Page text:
Resistance Exercise and Cannabis Use
|The safety and scientific validity of this study is the responsibility of the study sponsor and investigators. Listing a study does not mean it has been evaluated by the U.S. Federal Government. Know the risks and potential benefits of clinical studies and talk to your health care provider before participating. Read our disclaimer for details.|
|ClinicalTrials.gov Identifier: NCT03867786|
Recruitment Status : Not yet recruiting
First Posted : March 8, 2019
Last Update Posted : September 5, 2019
|Condition or disease||Intervention/treatment||Phase|
|Cannabis Use Disorder||Behavioral: Exercise Behavioral: Video Control||Not Applicable|
Cannabis is the most widely used illicit drug and rates of hazardous use, and cannabis use disorders (CUDs), have continued to rise in recent years. The highest rates of use and CUDs are seen in young adults (20 - 24 years old) with more than 50% of young adults reporting lifetime use of cannabis, 35% report use in the past year, and 20% report use in the past month. Increased exposure produces higher risk for detrimental psychological and behavioral effects of cannabis use. Given this increased prevalence of cannabis use and associated risks, identifying effective behavioral strategies that reduce cannabis craving, negative psychological effects, and alter neurobiological mechanisms underlying problematic cannabis use are an avenue of needed research. Exercise, particularly resistance exercise, is a behavioral intervention with considerable potential as an adjunctive treatment for CUD.
The aims of this proposal seek to address these issues by implementing acute resistance exercise protocol in men and women who have cannabis use disorder. This proposal will: 1 examine the effect of an acute resistance exercise protocol on affect, stress, and compulsive urge to use in non-treatment seeking young adults with CUD 2.examine whether an acute resistance exercise session in individuals with CUD is associated with induced alterations in the appetitive/ reward hormone ghrelin These findings will inform the further development for exercise interventions for cannabis use disorder that can be used with the aim of supporting individuals with CUD reduce use and decrease the negative effects of withdrawal.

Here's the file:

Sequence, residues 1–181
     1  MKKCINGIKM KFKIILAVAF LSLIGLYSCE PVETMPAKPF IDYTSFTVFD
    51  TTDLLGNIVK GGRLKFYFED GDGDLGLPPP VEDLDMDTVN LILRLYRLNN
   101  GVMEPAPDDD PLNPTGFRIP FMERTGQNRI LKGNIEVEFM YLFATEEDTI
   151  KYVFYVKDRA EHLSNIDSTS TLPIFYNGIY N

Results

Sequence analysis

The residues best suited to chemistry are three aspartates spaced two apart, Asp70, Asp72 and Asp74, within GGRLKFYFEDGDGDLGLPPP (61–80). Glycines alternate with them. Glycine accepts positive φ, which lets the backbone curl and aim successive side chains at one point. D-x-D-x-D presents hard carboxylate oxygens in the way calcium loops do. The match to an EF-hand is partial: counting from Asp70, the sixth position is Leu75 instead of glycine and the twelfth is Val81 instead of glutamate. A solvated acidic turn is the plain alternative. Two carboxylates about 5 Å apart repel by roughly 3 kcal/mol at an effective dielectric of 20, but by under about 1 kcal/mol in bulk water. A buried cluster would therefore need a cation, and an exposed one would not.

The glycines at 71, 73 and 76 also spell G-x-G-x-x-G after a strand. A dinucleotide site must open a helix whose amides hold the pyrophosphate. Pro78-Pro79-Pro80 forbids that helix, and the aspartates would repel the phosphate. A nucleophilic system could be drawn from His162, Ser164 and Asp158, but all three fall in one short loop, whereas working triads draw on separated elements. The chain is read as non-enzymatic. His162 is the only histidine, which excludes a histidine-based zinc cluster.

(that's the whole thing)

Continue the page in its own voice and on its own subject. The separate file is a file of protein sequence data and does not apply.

|Study Type :||Interventional (Clinical Trial)|
|Estimated Enrollment :||40 participants|
|Intervention Model:||Crossover Assignment|
|Masking:||None (Open Label)|
|Official Title:||The Acute Effects of Resistance Exercise on Cannabis Use and Craving|
|Estimated Study Start Date :||October 1, 2019|
|Estimated Primary Completion Date :||October 31, 2020|
|Estimated Study Completion Date :||November 30, 2020|
Experimental: Exercise Condition
Participants will undergo a 40 minute exercise protocol
Participants will complete an acute exercise visit.
Active Comparator: Video Control Condition
Participants will view a 40 minute nature video
Behavioral: Video Control
Participants will complete a video control visit.
- Cannabis Craving [ Time Frame: change from baseline ]Craving Marijuana Craving Questionnaire (MCQ) The 45-item MCQ is a multi-dimensional questionnaire that assesses marijuana craving. It is based on the the Cocaine Craving Questionnaire and uses items that touch on four specific constructs characterizing craving for marijuana: (1) compulsivity, an inability to control marijuana use; (2) emotionality, use of marijuana in anticipation of relief from withdrawal or negative mood; (3) expectancy, anticipation of positive outcomes from smoking marijuana; and (4) purposefulness, intention and planning to use marijuana for positive outcomes. Each item is rated on a seven-point Likert-type scale ranging from "strongly agree to strongly disagree"
- Cannabis Craving [ Time Frame: Change from baseline ]Total Ghrelin as measured by 0.5mL plasma
- Cannibis Consumption [ Time Frame: change from Baseline ]endocannabinoid N-arachidonoylethanolamine (AEA)
Please refer to this study by its ClinicalTrials.gov identifier (NCT number): NCT03867786
|Contact: Gwendolyn Thomas, PhDemail@example.com|